For the second time in this Parliament, may I raise the question of the three reports from the Select Committee on Members' Interests, which deal with lobbying, the chairmanship of Committees and the new register? When will we debate those reports on substantive resolutions because 11 hon. Members spent 200 hours working in Committee on them?
Clearly, I am not in a position, having announced the business, to promise a debate next week, but, as the hon. Gentleman said, this is the second or third time that the matter has been raised. The hon. Member for Bradford, South (Mr. Cryer) has also raised it, and I am aware of the interest in the matter. I am certainly not ignoring it.
My right hon. Friend has been most generous and helpful to the House in his response to the many interventions about the Maxwell pensions affair. May I stress that it is crucial that the House quickly receives the report from the Securities and Investments Board? It is six months since its inquiries were instigated and we cannot wait much longer because, for each day that passes, more pensioners are losing their entitlement to pension. The new chairman of the SIB, appointed this week, should address his mind to this problem with the greatest urgency.
My hon. Friend will realise that the SIB is an independent body and my right hon. Friend the Secretary of State cannot dictate to it when it produces its report. However, I will ensure that my right hon. Friend the President of the Board of Trade has his attention drawn to the point made by my hon. Friend.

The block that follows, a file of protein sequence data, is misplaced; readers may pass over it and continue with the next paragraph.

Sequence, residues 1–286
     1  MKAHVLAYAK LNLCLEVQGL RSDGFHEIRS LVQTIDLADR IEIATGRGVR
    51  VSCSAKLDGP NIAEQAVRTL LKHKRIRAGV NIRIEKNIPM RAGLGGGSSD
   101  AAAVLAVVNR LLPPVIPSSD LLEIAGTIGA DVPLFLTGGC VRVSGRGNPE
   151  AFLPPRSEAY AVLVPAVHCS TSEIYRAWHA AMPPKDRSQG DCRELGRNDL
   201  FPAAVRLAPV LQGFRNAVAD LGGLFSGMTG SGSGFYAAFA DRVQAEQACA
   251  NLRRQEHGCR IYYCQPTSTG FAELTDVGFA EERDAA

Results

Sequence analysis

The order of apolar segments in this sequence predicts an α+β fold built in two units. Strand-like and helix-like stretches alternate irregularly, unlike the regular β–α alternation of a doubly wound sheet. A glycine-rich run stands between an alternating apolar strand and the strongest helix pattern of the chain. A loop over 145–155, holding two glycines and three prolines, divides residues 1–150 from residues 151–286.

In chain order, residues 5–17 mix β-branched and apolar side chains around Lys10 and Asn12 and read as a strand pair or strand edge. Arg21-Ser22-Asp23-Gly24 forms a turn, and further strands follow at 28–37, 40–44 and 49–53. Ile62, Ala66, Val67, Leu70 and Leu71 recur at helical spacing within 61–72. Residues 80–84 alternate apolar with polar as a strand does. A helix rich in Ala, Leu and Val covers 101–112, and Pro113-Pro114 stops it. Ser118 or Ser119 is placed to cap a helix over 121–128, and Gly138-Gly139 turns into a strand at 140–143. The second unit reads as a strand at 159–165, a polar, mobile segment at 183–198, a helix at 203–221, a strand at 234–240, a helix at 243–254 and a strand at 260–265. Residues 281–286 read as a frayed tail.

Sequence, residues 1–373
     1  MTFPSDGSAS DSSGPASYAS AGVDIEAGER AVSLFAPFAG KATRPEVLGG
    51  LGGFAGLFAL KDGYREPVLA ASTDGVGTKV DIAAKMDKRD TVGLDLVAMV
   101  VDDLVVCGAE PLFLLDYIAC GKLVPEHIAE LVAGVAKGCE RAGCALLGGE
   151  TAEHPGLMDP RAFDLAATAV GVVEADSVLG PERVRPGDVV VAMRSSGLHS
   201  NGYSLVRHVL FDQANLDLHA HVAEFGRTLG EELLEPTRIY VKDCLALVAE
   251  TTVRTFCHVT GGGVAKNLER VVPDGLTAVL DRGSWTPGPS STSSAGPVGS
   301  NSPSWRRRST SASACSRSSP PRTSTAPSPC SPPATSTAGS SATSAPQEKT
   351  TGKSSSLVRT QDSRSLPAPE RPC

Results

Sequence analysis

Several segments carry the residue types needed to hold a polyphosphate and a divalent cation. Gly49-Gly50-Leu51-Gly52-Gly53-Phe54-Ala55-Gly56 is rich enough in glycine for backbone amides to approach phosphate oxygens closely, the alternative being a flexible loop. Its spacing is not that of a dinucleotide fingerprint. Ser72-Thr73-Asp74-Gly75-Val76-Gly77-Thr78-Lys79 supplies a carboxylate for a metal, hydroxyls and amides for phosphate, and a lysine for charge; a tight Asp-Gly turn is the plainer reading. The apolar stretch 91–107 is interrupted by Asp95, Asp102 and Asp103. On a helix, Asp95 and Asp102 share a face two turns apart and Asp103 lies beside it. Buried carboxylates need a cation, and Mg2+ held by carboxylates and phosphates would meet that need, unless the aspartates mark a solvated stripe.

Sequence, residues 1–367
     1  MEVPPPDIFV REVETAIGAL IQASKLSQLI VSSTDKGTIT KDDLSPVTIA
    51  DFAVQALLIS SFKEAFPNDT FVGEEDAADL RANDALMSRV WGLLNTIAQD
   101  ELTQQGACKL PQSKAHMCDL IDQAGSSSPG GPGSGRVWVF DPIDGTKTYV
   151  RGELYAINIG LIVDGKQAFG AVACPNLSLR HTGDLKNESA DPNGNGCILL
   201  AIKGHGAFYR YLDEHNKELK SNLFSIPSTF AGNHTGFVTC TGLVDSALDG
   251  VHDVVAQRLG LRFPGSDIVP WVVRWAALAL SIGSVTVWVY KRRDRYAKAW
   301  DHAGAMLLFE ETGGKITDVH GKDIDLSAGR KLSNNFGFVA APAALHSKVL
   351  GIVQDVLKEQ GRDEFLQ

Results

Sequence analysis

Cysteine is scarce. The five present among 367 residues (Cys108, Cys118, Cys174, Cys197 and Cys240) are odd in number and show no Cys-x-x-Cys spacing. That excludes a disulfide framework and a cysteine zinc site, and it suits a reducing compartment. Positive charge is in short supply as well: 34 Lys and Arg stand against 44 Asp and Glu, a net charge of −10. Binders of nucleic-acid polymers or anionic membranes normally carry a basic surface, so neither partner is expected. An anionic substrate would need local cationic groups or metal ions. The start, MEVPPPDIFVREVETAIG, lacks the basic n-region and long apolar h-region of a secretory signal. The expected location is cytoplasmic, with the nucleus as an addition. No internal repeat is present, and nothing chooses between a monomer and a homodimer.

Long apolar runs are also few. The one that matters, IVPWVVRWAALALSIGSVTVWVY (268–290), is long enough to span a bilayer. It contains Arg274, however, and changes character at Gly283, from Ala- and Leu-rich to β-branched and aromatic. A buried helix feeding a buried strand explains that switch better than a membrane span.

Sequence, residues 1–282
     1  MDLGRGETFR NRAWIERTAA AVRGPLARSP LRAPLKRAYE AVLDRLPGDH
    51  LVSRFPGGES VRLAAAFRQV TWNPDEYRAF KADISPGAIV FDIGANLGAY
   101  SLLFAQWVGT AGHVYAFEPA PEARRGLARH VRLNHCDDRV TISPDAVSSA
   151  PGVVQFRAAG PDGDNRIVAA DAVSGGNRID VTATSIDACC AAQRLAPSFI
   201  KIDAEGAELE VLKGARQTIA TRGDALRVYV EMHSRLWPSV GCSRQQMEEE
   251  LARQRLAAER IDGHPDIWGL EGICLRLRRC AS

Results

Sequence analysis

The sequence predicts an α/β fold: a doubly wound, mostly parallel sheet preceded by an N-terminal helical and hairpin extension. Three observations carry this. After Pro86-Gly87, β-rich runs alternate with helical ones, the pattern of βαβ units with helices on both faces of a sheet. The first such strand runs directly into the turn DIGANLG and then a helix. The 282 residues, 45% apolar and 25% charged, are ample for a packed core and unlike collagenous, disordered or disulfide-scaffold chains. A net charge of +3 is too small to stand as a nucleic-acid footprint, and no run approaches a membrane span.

Does the Leader of the House accept the urgent need for a debate on the water industry in view of the fact that it is not only paying increased dividends to its shareholders and increased salaries to its top executives, but is hugely increasing prices to consumers? There is also clear evidence that it is continually inclined to cut off supplies of water to those who find themselves unable to pay their bills.
I note the hon. Gentleman's request. My only comment at this stage is that I sometimes wish that, when points such as that are made, reference was also made to the growing amount of investment in the water industry to meet the increasingly difficult problem of demand.
Was the right hon. Gentleman in his place yesterday when his hon. Friend the Member for Dover (Mr. Shaw) suggested that Labour Members, including occupants of the Opposition Front Bench, had not spoken of the need for a debate on the Maxwell affair and pensions before the general election? Will the Leader of the House accept that on 5 December I raised the matter and that on 9 December several of my hon. Friends, including the shadow Leader of the House, my hon. Friend the Member for Copeland (Dr. Cunningham), raised it? I hope that in the debate next week the right hon. Gentleman will make it clear that his hon. Friend was not telling the truth.